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Submitted manuscripts should not have been published previously, nor be under consideration for publication elsewhere (except conference proceedings papers). All manuscripts are thoroughly refereed through a single-blind peer-review process. A guide for authors and other relevant information for submission of manuscripts is available on the Instructions for Authors page. Animals is an international peer-reviewed open access semimonthly journal published by MDPI.

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Keywords

  • animal poisoning
  • chemical
  • pathogenesis
  • toxic
  • toxins

Published Papers (5 papers)

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Research

11 pages, 8342 KiB  
Article
Acute Oral Chromium Exposure Resulting in Ulcerative Gastritis and Perforated Ulcers in Swine
by Fernanda Felicetti Perosa, Anderson Hentz Gris, Manoela Marchezan Piva, Jean Carlo Olivo Menegatt, Claiton Ismael Schwertz, Paola Sônego, Tatiane Terumi Negrao Watanabe, Saulo Petinatti Pavarini, David Driemeier and Welden Panziera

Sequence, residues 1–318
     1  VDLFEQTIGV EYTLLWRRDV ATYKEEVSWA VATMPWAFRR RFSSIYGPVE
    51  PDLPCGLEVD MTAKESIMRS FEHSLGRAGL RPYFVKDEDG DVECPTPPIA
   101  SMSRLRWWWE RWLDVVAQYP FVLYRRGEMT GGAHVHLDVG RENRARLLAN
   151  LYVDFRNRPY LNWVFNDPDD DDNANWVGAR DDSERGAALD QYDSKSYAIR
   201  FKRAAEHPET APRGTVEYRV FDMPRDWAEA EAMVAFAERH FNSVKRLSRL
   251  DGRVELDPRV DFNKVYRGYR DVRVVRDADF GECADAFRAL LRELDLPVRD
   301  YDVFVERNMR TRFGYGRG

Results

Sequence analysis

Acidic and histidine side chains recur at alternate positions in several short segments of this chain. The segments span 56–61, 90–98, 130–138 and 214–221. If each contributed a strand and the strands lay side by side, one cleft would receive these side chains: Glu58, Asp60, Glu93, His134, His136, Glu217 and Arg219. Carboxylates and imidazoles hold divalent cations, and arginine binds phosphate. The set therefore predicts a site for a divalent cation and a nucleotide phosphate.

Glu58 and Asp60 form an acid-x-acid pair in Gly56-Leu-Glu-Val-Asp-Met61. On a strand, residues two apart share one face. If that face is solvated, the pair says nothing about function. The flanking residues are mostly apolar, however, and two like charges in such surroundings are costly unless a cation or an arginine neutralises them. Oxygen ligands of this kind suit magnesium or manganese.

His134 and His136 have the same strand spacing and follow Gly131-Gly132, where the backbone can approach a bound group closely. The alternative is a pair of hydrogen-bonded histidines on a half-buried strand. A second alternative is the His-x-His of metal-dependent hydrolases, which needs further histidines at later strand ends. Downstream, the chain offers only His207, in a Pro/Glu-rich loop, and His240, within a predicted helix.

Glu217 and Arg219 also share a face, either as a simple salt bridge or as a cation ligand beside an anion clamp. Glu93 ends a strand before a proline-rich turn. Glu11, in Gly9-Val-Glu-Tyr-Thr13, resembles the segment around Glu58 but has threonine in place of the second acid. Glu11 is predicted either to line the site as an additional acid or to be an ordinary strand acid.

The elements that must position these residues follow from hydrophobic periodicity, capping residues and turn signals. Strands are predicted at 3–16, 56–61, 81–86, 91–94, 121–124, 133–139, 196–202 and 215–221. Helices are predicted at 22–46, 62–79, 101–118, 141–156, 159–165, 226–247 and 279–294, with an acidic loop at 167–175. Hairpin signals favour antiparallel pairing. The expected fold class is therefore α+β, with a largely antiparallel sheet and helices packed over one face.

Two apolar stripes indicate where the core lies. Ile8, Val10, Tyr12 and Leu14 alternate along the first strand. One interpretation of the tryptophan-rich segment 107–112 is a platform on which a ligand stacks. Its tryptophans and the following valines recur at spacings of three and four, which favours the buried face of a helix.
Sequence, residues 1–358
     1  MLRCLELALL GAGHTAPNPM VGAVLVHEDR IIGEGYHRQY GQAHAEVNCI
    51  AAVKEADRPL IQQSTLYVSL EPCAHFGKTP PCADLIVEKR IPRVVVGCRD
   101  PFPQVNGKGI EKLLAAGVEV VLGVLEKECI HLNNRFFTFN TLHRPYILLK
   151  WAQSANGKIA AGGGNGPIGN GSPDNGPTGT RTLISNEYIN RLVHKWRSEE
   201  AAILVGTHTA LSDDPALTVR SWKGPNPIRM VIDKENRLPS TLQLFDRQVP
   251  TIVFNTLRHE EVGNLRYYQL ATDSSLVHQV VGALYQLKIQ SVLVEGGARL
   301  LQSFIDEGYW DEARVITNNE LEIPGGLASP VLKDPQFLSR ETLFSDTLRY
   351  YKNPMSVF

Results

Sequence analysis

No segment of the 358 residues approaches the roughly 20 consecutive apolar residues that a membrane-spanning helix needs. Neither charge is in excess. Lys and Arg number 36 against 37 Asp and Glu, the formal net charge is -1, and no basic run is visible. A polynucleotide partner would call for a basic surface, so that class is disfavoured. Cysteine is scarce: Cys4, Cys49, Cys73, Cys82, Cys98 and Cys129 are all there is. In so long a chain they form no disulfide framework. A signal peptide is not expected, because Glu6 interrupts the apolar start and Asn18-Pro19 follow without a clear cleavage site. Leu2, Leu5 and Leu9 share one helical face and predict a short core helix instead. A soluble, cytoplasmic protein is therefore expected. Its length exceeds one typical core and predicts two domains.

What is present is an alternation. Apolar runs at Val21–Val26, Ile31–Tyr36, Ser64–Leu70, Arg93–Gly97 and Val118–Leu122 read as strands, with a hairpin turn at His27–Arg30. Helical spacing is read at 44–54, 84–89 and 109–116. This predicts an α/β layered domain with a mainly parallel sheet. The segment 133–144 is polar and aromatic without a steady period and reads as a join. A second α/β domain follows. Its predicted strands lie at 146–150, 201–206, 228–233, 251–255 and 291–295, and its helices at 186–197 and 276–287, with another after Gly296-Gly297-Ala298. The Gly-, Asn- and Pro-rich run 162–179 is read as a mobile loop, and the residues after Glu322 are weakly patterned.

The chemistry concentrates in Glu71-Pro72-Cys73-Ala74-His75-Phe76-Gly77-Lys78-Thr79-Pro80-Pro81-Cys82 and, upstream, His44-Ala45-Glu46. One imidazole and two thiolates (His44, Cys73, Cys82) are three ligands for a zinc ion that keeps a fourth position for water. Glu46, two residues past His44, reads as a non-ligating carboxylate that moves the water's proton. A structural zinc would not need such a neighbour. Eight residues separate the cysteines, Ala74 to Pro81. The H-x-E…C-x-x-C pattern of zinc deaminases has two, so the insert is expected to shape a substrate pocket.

Animals 2024, 14(1), 63; https://doi.org/10.3390/ani14010063 - 23 Dec 2023
Cited by 1 | Viewed by 845
Abstract
Heavy metal poisoning poses a challenge in diagnostic practices and environmental safety. This study describes the epidemiological, clinical, and pathological aspects of a chromium (Cr) poisoning outbreak in growing/finishing pigs housed in pens with bedding of pine wood shavings containing Cr. A visit [...] Read more.
Heavy metal poisoning poses a challenge in diagnostic practices and environmental safety. This study describes the epidemiological, clinical, and pathological aspects of a chromium (Cr) poisoning outbreak in growing/finishing pigs housed in pens with bedding of pine wood shavings containing Cr. A visit to the affected farm was conducted. Epidemiological data were collected, and necropsy and histopathological examinations and heavy metal quantifications were performed. Up to 30% of the animals from the affected pens displayed clinical signs 48 h after housing, characterized by apathy, rigid gait, distended abdomen, pain to abdominal palpation, fever, vomiting, and skin cyanosis. The lethality rate reached 76.6%. Main postmortem findings consisted of ulcerative gastritis with perforation of the glandular stomach in all necropsied swine. Heavy metal analysis revealed a higher concentration of Cr in the bedding of the affected pens, along with elevated levels of Cr in the livers of the affected swine. Given that Cr is a known cause of poisoning in humans (with acute oral exposure resulting in corrosive lesions in the gastrointestinal tract), this study marks the first diagnosis of acute oral natural Cr poisoning in animals. This diagnosis was established through the association of epidemiological, pathological, and heavy metal quantification data. Full article